Intl medical community urges WHO to ‘postpone or move’ Brazil Olympics over Zika threat

© Daniel Becerril
More than 150 health professionals have signed an open letter urging the WHO to “reconsider” its opinion and advise the IOC to postpone or even move the upcoming Olympic Games in Brazil to another country due to the spread of the Zika virus.

“WHO’s declaration of Zika as a 'Public Health Emergency of International Concern,' coupled with new scientific findings that underscore the seriousness of that problem, call for the Rio 2016 Games to be postponed and/or moved to another location – but not cancelled – in the name of public health,” the scientists wrote in a letter addressed to the World Health Organization and copied to the International Olympic Committee. 

But WHO rejected the idea there was any real increase in the already present danger of Zika if the games weren’t moved.

“Brazil is one of almost 60 countries and territories which to date report continuing transmission of Zika by mosquitoes,” it wrote in a statement. "People continue to travel between these countries and territories for a variety of reasons. The best way to reduce risk of disease is to follow public health travel advice."

The current outbreak of the Zika virus began early 2015 in Brazil, then spread to other parts of South and North America. By February 2016, WHO declared the outbreak a Public Health Emergency of International Concern as evidence grew that Zika could cause birth defects and neurological problems.

Although Zika is a mosquito-borne virus, in late March, the Centers for Disease Control and Prevention warned that men diagnosed with the Zika virus should wait at least six months before having unprotected sex, as the virus remains active in semen.

Because the Brazilian strain of Zika virus harms “health in ways that science has not observed before,” the scientist estimate that some 500,000 foreign tourists are at risk. In an open letter, scientists argue that the Brazilian viral strain “causes microcephaly and probably Guillain-Barré syndrome.” They also claim that new studies of the virus show that it “is neurotrophic and causes cell death, it is biologically plausible that there are other as yet undiscovered neurological injuries, as exist for similar viruses.”

Because of the potential exposure to global tourists, scientists say those returning home could start a world-wide “endemic,” the risk of which makes it “unethical” to hold the games at this time.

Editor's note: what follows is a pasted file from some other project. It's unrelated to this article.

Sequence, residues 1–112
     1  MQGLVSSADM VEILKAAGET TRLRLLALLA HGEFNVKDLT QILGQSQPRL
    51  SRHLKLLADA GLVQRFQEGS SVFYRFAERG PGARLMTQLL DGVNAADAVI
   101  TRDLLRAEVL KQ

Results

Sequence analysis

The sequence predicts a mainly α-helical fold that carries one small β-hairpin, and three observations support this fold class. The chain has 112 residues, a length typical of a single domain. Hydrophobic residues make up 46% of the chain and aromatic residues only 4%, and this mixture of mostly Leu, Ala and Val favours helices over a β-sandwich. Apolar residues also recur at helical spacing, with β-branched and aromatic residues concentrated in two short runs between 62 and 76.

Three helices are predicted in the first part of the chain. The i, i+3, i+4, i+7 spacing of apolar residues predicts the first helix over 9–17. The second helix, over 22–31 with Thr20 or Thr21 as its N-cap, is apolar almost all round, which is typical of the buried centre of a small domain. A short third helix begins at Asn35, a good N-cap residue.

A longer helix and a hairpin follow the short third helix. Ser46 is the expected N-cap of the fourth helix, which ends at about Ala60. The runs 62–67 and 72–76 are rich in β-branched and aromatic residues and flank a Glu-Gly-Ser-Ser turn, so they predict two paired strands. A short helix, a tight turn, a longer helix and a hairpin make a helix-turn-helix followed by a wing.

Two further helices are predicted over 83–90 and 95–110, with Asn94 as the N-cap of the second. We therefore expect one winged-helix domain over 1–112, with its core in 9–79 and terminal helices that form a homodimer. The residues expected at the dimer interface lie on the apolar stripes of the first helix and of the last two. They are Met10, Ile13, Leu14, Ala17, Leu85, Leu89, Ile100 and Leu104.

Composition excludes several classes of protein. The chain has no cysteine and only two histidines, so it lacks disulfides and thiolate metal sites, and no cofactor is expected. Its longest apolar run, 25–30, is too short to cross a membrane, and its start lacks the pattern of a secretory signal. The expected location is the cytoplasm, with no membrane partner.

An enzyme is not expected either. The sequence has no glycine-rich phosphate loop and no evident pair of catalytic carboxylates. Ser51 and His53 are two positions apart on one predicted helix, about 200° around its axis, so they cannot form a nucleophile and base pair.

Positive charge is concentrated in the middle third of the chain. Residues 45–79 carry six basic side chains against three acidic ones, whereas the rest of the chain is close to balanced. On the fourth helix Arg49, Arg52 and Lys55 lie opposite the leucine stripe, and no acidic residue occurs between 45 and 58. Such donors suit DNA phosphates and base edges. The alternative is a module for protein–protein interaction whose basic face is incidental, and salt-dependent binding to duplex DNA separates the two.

“Should that happen to poor, as-yet unaffected places (e.g., most of South Asia and Africa) the suffering can be great. It is unethical to run the risk, just for Games that could proceed anyway, if postponed and/or moved,” the scientists stressed.

Stating that Brazil registered 120,000 “probable Zika cases”, and over 1,300 confirmed cases of microcephaly, with another 3,300 under investigation, scientist conclude that “while Zika’s risk to any single individual is low, the risk to a population is undeniably high,” especially considering that Rio de Janeiro has the second-highest number of probable Zika cases in the country which stands at 32,000 cases.

Furthermore the letter claims that Brazilian authorities so far have been unable to reverse the proliferation of the virus through their mosquito-killing program, arguing that the disease figures have gone up rather than down.

Invoking historical precedents of the canceled 1916, 1940, and 1944 Olympic Games, the letter says that it is not too late to prevent the virus exposure by rethinking the 2016 host city. Scientists write that “Rio’s health system is so severely weakened as to make a last-minute push against Zika impossible.”

The concerns voiced by the scientific community in the letter have preoccupied the organizers and WHO alike. So far Rio insists that it is save to hold the Olympic games, and is urging sports fans to visit the country.

Earlier this month, WHO chief, Dr. Margaret Chan, to whom the letter was addressed, said that while Zika remains a concern, she herself will be going to Brazil for the Olympic Games.

“You don't want to bring a standstill to the world's movement of people,” Chan said. “This is all about risk assessment and risk management.”

Chan reminded that WHO travel warning for pregnant women going to Brazil is still in place, as they fall in the higher risk category, and said that both Olympic athletes and travelers to Rio are being advised on appropriate measures to avoid being bitten by the mosquitoes.